Is there any advantage to applying early?

No, we recognise that schools and colleges deal with UCAS applications in different ways; some encourage their students to submit their applications early, others do not. We therefore make offers throughout the cycle and generally after we have met an applicant on one of our Applicant Visit Days.

Should I do an MSci or a BSc degree?

Many students worry about this question when making their UCAS application. To allay these concerns, a major benefit of our degree structure is its flexibility: students enrolled on BSc programmes can transfer on to the MSci programme and vice versa. The first two years of both degree types are the same; thus the decision can be delayed until the end of Year 2. It is for this reason that our entry requirements for both BSc and MSci degree programmes are the same.

As a very rough guide, students who are considering a scientific career usually take an MSci degree, whilst those who are considering other directions, such as teaching, accountancy or law, usually take a BSc degree.

What is the difference between an MSci and MChem programme?

Nothing, different universities use different terms to describe their four-year taught undergraduate masters degree programmes and both are equally recognised by potential employers.

Should I be considering the Foundation Year programme?

Our Chemistry Foundation Year programme (F103) is specially designed for students who are motivated to study chemistry at degree level but have been away from education for some time and/or whose qualifications do not allow their direct entry on to one of our honours programmes.

We also offer the Birmingham Foundation Academy, which is specially designed for candidates who are motivated to study chemistry at degree level but whose qualifications do not allow their direct entry on to one of our honours programmes and whose first language is not English.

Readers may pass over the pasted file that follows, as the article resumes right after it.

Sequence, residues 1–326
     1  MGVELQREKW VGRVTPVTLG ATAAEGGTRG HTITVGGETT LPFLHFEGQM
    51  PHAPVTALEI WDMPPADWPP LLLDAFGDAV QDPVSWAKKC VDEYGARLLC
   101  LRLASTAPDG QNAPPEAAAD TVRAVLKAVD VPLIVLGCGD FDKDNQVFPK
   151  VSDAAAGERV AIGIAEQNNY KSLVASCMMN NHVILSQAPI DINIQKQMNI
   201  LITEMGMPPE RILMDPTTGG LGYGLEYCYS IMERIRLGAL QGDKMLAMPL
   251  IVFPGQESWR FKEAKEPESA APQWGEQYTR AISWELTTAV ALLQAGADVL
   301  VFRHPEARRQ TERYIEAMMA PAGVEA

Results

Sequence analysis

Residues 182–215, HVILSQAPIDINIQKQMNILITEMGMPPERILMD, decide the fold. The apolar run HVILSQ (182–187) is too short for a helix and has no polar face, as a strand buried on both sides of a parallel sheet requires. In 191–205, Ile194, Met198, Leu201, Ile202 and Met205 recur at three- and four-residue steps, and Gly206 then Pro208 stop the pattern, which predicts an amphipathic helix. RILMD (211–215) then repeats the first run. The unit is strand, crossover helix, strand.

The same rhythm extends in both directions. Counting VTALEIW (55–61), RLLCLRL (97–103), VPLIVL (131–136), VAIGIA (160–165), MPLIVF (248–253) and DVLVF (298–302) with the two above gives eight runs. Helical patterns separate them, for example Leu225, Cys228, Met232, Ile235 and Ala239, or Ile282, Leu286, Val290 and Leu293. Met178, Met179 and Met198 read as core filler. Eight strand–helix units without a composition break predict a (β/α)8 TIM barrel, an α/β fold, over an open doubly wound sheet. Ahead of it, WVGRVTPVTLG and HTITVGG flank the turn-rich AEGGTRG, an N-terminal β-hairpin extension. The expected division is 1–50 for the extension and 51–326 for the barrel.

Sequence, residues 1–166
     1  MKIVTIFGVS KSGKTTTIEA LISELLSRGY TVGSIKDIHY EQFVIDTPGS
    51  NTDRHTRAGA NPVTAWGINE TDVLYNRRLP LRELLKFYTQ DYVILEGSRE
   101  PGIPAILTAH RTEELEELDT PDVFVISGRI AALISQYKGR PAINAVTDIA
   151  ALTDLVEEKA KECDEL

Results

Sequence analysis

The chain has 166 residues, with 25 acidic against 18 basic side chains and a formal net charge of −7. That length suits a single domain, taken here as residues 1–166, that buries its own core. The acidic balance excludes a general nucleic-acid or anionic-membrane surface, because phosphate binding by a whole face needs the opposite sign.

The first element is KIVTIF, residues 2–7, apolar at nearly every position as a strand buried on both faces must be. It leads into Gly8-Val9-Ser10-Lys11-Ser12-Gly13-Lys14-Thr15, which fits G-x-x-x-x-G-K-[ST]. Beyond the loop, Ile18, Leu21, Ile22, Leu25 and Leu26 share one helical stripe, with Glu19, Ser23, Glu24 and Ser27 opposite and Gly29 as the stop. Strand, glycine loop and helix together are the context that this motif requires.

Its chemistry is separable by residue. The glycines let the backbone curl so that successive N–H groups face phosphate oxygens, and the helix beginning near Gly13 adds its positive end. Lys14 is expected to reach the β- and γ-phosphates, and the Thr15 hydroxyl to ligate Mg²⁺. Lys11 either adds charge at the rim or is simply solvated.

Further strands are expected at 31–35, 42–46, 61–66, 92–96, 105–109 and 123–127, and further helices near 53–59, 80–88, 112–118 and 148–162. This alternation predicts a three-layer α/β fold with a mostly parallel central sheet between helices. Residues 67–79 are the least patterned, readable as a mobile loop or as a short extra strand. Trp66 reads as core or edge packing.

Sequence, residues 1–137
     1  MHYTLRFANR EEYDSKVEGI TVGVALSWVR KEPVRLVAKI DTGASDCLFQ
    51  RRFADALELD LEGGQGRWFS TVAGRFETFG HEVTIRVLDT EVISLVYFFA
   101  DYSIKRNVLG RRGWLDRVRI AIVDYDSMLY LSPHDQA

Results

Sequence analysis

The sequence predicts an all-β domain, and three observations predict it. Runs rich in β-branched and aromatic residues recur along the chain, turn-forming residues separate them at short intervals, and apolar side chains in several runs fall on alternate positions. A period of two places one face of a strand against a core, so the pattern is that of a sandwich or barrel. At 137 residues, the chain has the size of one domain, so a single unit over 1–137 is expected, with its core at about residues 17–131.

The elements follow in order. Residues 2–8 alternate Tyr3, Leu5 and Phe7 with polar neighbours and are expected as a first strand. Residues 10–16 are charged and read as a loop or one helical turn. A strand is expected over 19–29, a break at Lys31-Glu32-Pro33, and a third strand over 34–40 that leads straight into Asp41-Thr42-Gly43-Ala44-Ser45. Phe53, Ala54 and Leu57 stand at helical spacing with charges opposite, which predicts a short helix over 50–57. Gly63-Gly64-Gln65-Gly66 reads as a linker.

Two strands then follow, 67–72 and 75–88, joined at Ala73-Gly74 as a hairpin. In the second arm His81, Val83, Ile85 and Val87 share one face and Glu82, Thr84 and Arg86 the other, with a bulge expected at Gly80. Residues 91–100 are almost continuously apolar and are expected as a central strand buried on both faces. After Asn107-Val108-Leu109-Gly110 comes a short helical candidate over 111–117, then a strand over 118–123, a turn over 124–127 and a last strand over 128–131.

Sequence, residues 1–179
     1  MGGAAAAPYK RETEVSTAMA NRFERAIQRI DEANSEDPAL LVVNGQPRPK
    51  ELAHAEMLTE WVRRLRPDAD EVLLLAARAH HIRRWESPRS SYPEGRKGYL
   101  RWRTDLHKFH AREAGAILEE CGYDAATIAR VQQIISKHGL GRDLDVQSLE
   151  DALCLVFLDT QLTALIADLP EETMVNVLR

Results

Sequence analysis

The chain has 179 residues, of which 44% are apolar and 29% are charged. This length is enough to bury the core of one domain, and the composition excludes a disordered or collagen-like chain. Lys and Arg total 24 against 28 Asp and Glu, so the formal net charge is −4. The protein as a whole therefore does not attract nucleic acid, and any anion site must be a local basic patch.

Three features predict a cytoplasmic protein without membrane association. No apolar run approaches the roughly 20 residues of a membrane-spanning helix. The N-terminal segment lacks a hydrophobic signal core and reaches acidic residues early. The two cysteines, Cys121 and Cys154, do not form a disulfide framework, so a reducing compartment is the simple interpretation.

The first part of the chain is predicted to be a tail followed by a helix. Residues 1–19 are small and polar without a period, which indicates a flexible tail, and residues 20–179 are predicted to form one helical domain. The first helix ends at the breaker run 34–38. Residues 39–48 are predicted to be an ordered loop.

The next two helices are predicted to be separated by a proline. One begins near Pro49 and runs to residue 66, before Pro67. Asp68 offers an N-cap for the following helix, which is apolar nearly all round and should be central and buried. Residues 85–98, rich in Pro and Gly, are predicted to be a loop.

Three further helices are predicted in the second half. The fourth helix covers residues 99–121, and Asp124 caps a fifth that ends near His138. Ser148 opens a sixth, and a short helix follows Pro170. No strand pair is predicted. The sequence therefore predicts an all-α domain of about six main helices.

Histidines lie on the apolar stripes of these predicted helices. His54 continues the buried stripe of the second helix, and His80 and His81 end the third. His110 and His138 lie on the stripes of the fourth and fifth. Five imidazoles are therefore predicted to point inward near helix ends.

Both of these programmes are also attractive to mature students who may need a period of retraining before beginning a degree.

Do you offer scholarships?

Yes, we are proud to offer a range of high-value scholarships that reward academic excellence and potential.  Scholarships are available for home students, ranging from: Excellence Scholarships worth £5000 p.a. and Haworth Scholarships worth £5000 on entry, to Achievement Scholarships guaranteed for all applicants who place Birmingham Chemistry as their firm choice and achieve A*AA. . We also offer scholarships to international students. View full details and eligibility criteria. In addition, the University offers a range of other scholarships including Music and Sports Scholarships.

Can I take a gap year?

Yes, if you wish to defer starting your degree and take a year out so you can travel or work, then all you need to do is complete the UCAS application as normal ensuring you have the appropriate start-date. We will treat your application in the same way as all the others we receive.

Our courses

We offer a range of Single Honours and Major-Minor Combined Honours undergraduate degree programmes.

All of our MSci programmes are four years in duration. Our BSc programmes are three-year courses.

Can I transfer between BSc and MSci courses?

Yes, since the first two years of our MSci and BSc single honours programmes are the same, it is possible to change your registration from MSci to BSc, and vice versa, at any time in Years 1 and 2; however, you will need to achieve a Year 2 mark of 60%, or higher, in order to remain on the MSci programme.

Are there progression criteria to remain on a particular degree programme?

Yes, in order to remain enrolled on an MSci programme, you will need to achieve a Year 2 mark of 60%, or higher.  

Students enrolled on our MSci Chemistry with Industrial Experience (UCAS code: F104) and MSci Chemistry with Study Abroad (UCAS code: F106) programmes additionally need to achieve a Year 1 mark of 60%, or higher, to remain on these two programmes.  If you do not achieve this level, you transfer on to our MSci Chemistry programme (UCAS code: F101).

Is it possible to change my Chemistry course when I arrive at Birmingham?